1932

Abstract

Since the Blue Revolution began in the late 1960s, global aquaculture production has grown rapidly. Aquaculture now accounts for over half of the world's fish for direct human consumption and is expected to approach two-thirds by 2030. With aquaculture's growth, a number of high-profile concerns have arisen, including pollution, feeding practices, disease management and antibiotic use, habitat use, non-native species, food safety, fraud, animal welfare, impacts on traditional wild fisheries, access to water and space, market competition, and genetics. Managing these concerns requires thoughtful and well-designed policies and regulations. This manuscript reviews the contributions natural resource economics has made to evaluating aquaculture policy and regulation. Despite their valuable contributions, however, economists have been largely underrepresented in the debate. The primary influencers of aquaculture policies and regulations have been traditional fisheries managers, environmental groups, and natural scientists. We identify many important areas that should be more thoroughly addressed by economists.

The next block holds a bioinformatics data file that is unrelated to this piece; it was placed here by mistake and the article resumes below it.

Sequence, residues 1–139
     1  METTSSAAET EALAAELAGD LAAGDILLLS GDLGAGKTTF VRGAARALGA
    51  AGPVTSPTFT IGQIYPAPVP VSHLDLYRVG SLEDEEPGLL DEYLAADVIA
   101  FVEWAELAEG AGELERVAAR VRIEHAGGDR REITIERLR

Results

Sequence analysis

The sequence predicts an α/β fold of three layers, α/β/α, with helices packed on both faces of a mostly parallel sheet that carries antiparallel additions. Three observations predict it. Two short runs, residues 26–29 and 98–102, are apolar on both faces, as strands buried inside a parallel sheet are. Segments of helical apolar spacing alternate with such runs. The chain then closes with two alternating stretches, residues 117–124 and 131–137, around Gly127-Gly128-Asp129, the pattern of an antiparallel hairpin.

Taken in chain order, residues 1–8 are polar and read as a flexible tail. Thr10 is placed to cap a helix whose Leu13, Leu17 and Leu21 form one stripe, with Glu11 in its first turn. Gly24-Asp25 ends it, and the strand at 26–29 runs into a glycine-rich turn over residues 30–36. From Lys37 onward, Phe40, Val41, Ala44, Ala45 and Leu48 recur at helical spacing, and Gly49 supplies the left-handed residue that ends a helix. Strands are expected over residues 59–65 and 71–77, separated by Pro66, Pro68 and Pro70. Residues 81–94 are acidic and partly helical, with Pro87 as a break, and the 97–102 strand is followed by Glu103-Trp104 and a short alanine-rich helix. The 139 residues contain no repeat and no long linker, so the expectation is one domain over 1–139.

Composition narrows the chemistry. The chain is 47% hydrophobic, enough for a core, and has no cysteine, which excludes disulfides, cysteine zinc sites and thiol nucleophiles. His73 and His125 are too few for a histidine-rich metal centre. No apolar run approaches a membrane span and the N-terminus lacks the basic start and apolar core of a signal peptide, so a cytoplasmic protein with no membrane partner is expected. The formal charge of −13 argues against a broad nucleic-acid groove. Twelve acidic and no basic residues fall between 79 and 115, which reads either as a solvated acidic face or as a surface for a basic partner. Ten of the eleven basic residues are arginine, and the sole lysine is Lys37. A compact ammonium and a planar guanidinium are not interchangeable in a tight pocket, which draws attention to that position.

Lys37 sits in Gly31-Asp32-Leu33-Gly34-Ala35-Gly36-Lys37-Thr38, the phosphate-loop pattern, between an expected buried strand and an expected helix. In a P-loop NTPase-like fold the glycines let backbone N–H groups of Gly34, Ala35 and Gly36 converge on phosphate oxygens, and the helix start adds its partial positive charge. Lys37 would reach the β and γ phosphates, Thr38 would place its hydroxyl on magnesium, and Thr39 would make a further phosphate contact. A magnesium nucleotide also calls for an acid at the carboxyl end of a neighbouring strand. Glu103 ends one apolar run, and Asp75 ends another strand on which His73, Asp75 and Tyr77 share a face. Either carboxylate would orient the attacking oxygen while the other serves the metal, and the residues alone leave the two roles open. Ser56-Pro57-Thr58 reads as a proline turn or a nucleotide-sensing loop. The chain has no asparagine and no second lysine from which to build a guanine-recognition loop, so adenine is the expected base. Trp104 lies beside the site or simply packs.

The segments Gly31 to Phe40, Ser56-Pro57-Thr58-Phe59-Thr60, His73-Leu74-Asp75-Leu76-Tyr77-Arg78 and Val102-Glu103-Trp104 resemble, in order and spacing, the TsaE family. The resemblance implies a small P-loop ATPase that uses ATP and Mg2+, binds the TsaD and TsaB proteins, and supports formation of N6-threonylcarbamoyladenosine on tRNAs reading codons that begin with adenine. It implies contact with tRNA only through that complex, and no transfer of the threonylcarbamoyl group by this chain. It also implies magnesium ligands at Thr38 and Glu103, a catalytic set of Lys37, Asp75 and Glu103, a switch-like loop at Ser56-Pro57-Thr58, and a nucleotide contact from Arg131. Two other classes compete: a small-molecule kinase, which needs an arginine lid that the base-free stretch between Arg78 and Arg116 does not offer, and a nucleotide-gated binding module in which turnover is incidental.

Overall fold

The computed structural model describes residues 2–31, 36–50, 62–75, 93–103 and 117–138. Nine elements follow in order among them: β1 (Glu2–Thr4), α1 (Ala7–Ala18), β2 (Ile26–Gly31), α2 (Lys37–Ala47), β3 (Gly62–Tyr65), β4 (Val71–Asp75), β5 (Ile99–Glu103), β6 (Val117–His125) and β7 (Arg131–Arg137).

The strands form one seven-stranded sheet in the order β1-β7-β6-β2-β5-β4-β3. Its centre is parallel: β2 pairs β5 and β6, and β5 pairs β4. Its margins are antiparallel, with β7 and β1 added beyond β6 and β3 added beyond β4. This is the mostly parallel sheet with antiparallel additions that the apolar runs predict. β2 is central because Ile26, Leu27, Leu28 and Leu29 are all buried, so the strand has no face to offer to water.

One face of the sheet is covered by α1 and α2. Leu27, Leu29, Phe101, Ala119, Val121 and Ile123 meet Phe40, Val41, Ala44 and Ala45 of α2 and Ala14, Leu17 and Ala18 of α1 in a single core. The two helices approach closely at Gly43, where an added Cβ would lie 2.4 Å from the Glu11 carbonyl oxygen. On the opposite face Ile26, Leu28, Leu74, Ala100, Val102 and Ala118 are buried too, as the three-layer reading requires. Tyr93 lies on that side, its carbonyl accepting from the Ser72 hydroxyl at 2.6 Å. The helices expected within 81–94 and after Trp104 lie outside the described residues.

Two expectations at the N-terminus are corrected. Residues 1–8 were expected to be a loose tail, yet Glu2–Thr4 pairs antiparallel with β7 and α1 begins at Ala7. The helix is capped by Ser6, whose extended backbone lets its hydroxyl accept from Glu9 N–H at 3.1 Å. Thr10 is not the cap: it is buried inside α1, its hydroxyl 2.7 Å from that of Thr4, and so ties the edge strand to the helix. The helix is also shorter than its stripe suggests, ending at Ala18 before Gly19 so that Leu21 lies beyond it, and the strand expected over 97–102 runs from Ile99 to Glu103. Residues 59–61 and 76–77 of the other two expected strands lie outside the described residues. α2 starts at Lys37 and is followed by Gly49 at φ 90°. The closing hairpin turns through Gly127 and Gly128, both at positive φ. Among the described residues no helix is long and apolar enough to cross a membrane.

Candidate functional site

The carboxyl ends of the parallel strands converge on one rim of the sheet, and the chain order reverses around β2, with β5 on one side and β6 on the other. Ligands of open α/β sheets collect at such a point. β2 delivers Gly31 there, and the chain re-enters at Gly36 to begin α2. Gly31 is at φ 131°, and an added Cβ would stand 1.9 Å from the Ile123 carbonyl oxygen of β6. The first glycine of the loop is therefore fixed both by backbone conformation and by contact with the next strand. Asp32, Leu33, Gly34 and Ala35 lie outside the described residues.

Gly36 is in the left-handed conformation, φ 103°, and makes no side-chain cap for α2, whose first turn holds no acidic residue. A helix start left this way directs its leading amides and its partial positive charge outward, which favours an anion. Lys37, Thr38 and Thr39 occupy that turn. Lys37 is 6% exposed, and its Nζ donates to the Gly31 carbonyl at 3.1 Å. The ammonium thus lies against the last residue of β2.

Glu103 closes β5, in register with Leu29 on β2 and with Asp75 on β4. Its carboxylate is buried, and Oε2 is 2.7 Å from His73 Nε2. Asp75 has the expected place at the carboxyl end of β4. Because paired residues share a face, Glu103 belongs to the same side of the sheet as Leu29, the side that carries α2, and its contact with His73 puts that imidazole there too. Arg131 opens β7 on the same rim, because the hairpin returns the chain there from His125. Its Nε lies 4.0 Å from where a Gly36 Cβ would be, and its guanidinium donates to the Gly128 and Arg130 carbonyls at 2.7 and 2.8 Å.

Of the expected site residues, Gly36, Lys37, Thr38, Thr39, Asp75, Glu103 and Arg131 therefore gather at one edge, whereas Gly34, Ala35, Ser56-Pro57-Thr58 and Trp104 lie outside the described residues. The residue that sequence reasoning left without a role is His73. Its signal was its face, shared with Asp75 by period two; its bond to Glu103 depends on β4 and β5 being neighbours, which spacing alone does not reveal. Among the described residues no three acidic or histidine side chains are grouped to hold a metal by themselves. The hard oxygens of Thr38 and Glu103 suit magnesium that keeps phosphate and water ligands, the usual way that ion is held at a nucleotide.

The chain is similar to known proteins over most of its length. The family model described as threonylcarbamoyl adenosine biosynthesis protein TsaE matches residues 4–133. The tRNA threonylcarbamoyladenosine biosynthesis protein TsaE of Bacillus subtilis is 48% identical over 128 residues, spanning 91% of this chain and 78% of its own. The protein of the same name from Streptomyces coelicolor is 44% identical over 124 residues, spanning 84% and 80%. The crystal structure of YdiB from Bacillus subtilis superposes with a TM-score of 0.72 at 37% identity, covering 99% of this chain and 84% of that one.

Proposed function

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2019-10-05
2024-06-21
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